Coming up with a name for your newborn baby can be a job in itself. You can always look toward a celebrity for inspiration, but chances are that someone you know is planning to name their offspring Kylie or Taylor. If you’re in need of a unique moniker for your bb, why not go old-school?
Like fashion trends, names that were popular decades ago sometimes come back around. According to data from the Social Security Administration, vintage names — like Wesley, Everett, and Henry — are showing up on modern-day lists for boys, but it’s retro girl names that are making a big comeback. While names like Isabella and Ava may have been at the top for a while, other old-timey names have been popping up over the past five years as well.
Here are 15 vintage baby girl names that may remind you of your grandma or great-grandma (in the most adorable way, of course).
If you’re a fan of Alice in Wonderland, you might want to consider this name, which was popular in 1890.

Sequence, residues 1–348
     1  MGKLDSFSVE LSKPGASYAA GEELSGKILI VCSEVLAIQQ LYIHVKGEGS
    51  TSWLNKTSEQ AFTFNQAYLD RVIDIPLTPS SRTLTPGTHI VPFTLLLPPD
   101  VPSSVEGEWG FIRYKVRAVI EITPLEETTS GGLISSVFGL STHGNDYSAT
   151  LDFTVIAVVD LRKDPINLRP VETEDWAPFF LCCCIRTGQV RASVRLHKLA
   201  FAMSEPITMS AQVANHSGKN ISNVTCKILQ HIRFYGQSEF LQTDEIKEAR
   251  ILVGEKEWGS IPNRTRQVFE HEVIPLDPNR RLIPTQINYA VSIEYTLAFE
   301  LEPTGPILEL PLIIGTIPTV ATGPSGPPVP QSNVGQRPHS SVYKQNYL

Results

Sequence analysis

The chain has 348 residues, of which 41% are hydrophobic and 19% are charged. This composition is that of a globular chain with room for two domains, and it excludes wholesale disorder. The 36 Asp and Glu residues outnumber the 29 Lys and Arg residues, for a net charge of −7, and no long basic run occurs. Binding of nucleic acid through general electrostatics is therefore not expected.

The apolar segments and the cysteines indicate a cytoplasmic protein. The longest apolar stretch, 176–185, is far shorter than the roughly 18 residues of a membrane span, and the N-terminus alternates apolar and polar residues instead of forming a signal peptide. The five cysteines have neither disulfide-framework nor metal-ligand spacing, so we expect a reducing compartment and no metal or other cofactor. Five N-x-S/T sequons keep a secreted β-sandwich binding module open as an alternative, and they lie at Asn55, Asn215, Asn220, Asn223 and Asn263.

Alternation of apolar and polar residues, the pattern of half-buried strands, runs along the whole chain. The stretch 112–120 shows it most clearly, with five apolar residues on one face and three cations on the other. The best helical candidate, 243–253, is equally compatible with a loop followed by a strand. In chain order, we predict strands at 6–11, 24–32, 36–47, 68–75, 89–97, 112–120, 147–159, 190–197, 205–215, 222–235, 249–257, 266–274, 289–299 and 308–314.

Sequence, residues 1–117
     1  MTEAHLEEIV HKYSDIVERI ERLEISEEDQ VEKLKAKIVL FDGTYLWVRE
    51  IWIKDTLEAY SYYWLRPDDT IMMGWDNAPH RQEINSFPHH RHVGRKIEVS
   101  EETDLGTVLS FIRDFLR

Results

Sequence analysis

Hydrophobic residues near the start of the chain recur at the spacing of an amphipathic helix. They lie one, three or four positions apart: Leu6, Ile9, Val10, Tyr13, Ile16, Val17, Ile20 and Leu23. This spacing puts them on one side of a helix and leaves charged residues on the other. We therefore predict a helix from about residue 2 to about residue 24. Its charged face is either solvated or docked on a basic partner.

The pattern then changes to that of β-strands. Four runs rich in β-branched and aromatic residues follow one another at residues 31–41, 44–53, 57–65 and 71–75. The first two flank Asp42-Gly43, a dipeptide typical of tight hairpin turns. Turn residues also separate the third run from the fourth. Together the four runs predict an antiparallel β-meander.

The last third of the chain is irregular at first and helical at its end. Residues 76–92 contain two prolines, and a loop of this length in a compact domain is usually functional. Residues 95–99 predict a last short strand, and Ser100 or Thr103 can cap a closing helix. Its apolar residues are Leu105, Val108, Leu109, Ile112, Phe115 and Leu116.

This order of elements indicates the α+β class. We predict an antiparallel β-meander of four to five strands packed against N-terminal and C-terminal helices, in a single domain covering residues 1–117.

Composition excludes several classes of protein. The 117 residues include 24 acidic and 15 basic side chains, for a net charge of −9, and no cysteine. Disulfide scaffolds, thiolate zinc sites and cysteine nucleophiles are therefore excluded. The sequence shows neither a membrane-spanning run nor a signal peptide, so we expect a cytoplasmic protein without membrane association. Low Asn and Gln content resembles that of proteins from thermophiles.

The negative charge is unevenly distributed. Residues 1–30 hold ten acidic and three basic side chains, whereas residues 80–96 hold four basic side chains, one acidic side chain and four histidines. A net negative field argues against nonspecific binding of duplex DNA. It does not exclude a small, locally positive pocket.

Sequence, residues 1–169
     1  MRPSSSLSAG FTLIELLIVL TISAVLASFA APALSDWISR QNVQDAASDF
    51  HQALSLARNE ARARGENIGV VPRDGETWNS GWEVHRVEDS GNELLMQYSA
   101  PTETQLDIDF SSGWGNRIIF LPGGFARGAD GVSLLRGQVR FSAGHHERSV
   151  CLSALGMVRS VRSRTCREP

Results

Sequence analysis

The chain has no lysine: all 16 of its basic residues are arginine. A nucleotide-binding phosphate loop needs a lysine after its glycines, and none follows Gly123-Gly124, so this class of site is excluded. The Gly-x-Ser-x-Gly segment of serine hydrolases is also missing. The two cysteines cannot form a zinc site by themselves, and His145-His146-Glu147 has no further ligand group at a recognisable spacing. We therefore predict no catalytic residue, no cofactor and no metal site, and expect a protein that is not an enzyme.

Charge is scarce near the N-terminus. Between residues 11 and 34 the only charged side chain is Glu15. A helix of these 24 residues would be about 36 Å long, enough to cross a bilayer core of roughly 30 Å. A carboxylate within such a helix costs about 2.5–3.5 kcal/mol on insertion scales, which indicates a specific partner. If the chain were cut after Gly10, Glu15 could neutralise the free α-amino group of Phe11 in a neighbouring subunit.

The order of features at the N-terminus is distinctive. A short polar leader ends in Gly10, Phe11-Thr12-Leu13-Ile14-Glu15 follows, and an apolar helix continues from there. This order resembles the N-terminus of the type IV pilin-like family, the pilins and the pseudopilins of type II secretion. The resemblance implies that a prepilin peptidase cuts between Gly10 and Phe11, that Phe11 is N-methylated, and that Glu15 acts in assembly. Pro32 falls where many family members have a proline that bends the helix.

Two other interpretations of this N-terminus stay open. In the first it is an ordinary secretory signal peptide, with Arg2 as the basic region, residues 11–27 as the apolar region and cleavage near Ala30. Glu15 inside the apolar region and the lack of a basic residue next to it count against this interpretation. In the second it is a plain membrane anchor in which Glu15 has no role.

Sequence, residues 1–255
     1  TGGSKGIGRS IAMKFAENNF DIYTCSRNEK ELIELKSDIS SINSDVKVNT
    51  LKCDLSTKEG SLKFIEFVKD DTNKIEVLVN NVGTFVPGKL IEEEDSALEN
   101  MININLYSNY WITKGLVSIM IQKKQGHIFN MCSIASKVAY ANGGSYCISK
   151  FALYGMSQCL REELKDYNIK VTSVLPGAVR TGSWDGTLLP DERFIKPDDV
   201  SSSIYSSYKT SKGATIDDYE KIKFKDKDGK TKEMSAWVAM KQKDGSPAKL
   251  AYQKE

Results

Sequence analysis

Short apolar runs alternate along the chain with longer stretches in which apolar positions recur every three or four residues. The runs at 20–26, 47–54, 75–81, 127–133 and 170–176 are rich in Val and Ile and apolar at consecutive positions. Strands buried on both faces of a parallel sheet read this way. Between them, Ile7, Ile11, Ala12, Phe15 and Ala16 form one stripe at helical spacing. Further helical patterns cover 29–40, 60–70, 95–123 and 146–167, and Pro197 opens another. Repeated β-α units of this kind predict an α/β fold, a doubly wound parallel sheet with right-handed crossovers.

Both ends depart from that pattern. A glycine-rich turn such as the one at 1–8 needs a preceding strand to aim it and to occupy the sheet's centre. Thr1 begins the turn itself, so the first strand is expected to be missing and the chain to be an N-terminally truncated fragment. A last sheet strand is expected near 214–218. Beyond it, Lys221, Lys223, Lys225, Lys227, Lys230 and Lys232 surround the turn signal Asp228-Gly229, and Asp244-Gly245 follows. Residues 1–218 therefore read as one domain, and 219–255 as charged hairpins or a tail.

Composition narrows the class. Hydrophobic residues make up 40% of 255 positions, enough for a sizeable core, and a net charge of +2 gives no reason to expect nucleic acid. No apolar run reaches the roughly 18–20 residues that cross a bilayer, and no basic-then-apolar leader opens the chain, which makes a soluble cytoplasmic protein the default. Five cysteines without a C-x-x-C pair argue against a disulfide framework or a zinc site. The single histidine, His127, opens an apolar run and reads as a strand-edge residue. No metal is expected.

Evelyn is a gorgeous, 1930s-era name that is making its way back to birth certificates.
This name might conjure up inspirational quotes from Eleanor Roosevelt.
This is a sweet handle for a girl even if you aren’t a jazz fan.
A cute vintage name that Emily Blunt and John Krasinski picked for their daughter.
The name Ruby was big in the ’20s and would be a perfectly darling pick today.
Two words: Audrey Hepburn. Who wouldn’t want to be named after such a talented actress and classic style icon?
Grace has been at the top of name lists for a while and we can see why — it’s just charming.
It might be hard to easily find this on a personalized keychain, but this celestial-inspired moniker is adorable.
A strong, feminine name that has been used in literary classics.
Popular in 1900s, Margaret might also bring to mind a certain former British prime minister.
A cute flower, and a cuter name to boot.
This 1900s-era name also belongs to one of the world’s greatest heroines — Amelia Earhart.
Jennifer Garner and Ben Affleck chose this throwback name for one of their daughters.
As Nameberry points out, this name has been on a rollercoaster of popularity throughout the decades, including having a top 20 position in the 1880s.